Ripple Labs achieves a significant victory in the legal battle against the Securities and Exchange Commission (SEC) regarding the XRP cryptocurrency

legal battle against the Securities and Exchange Commission (SEC) regarding the XRP cryptocurrency

Ripple Labs Inc has received a groundbreaking legal triumph as a U.S. judge ruled on Thursday that the company did not violate federal securities law by selling its XRP token on public exchanges. This landmark victory has had a significant impact on the cryptocurrency industry, leading to a surge in the value of XRP. The ruling by U.S. District Judge Analisa Torres marks the first successful outcome for a cryptocurrency firm facing a case initiated by the U.S. Securities and Exchange Commission (SEC), although the SEC did secure a partial win as well.

While the ruling pertains to the specific circumstances of this case, it is likely to provide support for other crypto companies engaged in legal battles with the SEC, regarding whether their products fall under the regulator’s jurisdiction. The SEC expressed satisfaction with the part of the ruling that determined Ripple violated federal securities law by directly selling XRP to sophisticated investors.

The ruling could potentially be appealed once a final judgment is issued or if permitted by the judge prior to that. The SEC spokesperson stated that the agency is currently reviewing the decision. Ripple’s CEO, Brad Garlinghouse, hailed the ruling as a major victory not only for Ripple but also for the entire U.S. industry.

As a result of the ruling, Coinbase, the largest cryptocurrency exchange in the United States, announced that it would resume trading of XRP on its platform. Coinbase stock experienced a 24% increase, closing at $107 per share on Thursday.

The case revolved around the SEC’s accusation that Ripple Labs and its current and former chief executives conducted an unregistered securities offering worth $1.3 billion through the sale of XRP. This legal battle has been closely watched within the cryptocurrency industry, which challenges the SEC’s claim that the majority of crypto tokens are securities subject to stringent investor protection regulations. While the SEC has initiated over 100 enforcement actions related to cryptocurrencies, asserting that numerous tokens are securities, many of these cases have been resolved through settlements.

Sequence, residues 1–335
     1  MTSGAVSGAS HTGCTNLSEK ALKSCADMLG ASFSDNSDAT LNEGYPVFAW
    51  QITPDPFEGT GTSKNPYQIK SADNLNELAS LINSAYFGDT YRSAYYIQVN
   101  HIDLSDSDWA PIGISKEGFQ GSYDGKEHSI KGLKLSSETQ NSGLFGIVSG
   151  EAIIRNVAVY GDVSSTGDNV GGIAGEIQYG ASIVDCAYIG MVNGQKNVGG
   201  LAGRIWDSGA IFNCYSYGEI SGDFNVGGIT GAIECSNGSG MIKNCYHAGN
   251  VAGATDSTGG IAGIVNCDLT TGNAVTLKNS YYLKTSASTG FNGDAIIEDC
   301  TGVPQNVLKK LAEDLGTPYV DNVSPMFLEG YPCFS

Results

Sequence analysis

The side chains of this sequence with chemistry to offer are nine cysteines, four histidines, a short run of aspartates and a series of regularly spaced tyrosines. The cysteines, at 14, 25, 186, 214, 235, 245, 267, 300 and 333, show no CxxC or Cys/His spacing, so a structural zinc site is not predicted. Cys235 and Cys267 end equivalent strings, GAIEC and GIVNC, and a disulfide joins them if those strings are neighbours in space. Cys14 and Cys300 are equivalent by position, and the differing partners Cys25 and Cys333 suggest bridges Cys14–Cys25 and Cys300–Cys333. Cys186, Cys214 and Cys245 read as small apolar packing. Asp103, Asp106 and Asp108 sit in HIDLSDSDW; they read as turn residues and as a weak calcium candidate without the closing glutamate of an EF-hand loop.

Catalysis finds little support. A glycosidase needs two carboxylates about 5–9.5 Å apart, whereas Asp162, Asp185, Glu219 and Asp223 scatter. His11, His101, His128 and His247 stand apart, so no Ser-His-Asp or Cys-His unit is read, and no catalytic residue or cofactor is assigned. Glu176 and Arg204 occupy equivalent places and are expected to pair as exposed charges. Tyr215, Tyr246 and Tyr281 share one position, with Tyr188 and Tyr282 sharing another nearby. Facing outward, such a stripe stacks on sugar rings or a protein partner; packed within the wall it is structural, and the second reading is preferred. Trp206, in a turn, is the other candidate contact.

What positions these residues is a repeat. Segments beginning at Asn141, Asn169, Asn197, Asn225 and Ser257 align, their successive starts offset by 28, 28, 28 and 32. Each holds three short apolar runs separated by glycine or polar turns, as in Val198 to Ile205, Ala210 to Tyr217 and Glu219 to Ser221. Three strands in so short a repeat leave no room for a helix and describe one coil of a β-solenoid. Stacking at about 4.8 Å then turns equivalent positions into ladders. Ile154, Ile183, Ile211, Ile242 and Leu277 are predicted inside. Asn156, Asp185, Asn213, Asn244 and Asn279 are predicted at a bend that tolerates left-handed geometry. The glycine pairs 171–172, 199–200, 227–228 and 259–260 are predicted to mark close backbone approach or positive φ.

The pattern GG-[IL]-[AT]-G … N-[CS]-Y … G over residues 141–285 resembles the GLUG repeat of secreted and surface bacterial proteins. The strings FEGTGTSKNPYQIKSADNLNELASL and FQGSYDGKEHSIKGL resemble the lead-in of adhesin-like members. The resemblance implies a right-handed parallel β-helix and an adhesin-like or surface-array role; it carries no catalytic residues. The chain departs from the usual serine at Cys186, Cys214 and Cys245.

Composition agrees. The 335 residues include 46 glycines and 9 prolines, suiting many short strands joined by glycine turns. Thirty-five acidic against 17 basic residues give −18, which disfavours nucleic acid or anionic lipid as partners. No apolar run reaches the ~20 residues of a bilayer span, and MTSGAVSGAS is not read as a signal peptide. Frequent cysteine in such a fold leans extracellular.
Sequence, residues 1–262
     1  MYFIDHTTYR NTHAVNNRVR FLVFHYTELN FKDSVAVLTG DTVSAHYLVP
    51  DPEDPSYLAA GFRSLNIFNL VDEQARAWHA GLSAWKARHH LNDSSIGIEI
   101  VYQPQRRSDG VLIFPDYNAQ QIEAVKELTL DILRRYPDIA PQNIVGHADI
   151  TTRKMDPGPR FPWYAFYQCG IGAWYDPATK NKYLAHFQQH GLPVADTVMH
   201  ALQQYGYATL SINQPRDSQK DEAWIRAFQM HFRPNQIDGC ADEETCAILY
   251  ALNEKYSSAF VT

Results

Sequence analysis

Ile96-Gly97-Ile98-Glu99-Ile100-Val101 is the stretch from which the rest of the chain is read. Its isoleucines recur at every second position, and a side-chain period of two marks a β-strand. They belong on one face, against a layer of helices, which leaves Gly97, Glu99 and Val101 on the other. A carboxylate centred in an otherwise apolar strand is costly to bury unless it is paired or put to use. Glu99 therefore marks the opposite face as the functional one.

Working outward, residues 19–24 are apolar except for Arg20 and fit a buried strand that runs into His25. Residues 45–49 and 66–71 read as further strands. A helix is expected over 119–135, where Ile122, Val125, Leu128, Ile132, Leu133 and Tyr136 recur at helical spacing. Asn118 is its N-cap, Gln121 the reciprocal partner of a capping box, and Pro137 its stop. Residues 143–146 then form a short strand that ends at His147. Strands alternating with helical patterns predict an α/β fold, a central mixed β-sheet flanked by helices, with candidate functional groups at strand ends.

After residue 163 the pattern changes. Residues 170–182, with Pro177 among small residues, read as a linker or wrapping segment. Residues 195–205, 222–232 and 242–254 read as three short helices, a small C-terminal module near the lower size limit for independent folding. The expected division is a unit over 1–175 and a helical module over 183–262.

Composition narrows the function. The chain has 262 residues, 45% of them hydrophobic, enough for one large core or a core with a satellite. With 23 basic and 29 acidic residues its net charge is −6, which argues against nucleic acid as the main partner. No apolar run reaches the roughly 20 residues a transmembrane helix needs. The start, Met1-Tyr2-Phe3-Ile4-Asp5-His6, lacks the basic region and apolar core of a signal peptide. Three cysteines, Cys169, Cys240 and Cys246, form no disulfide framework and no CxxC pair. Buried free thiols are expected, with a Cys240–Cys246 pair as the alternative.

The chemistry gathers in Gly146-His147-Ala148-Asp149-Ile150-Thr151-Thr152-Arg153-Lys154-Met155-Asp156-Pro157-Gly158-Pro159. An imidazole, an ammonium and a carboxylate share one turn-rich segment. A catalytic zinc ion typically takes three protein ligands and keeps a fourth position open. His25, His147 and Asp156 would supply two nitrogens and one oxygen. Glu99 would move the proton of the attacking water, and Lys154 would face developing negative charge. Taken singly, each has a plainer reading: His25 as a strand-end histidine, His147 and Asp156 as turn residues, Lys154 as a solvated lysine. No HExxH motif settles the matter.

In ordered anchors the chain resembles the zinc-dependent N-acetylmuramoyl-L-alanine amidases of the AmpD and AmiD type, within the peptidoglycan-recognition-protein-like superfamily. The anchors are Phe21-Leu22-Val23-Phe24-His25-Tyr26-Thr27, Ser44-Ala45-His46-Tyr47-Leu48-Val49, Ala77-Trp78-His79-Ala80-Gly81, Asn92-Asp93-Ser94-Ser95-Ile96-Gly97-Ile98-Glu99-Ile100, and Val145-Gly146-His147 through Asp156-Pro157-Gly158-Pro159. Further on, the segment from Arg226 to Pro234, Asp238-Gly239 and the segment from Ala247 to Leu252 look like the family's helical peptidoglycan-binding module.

In the few instances where cases have gone to court, judges have generally agreed with the SEC’s stance that the crypto assets in question are securities, which, unlike commodities, are subject to strict regulations and require issuer registration with the SEC, along with detailed disclosures to inform investors about potential risks.

Judge Torres ruled that Ripple’s XRP sales on public cryptocurrency exchanges did not qualify as offers of securities under the law because purchasers did not have a reasonable expectation of profit tied to Ripple’s efforts. She described those sales as “blind bid/ask transactions” where buyers could not determine if their payments went to Ripple or any other seller of XRP. To reach her decision, Torres relied on a U.S. Supreme Court case that classified “an investment of money in a common enterprise with profits to come solely from the efforts of others” as a specific type of security known as an investment contract.

The judge also determined that XRP sales conducted on cryptocurrency platforms by Ripple’s CEO, Chris Larsen, and other distributions, including employee compensation, did not involve securities. However, the SEC achieved a partial victory as Torres concluded that Ripple’s $728.9 million of XRP sales to hedge funds and sophisticated buyers constituted unregistered sales of securities.

Torres stated that a jury must determine whether Garlinghouse and Larsen assisted the company’s violation of the law and emphasized that the defendants cannot argue during the trial that they were unaware that XRP was a cryptocurrency.

The ruling is expected to support Coinbase in its own legal dispute with the SEC, as both cases revolve around registration requirements and the classification of specific digital assets as securities under U.S. law. The cryptocurrency industry has called for legislation to establish clear rules for tokens, and this ruling has prompted renewed appeals to Congress to clarify the status of digital assets. Representative Tom Emmer, a Republican and the House of Representatives Majority Whip, highlighted on Twitter that the ruling establishes the distinctiveness of tokens from investment contracts and called for legislative action to solidify this distinction.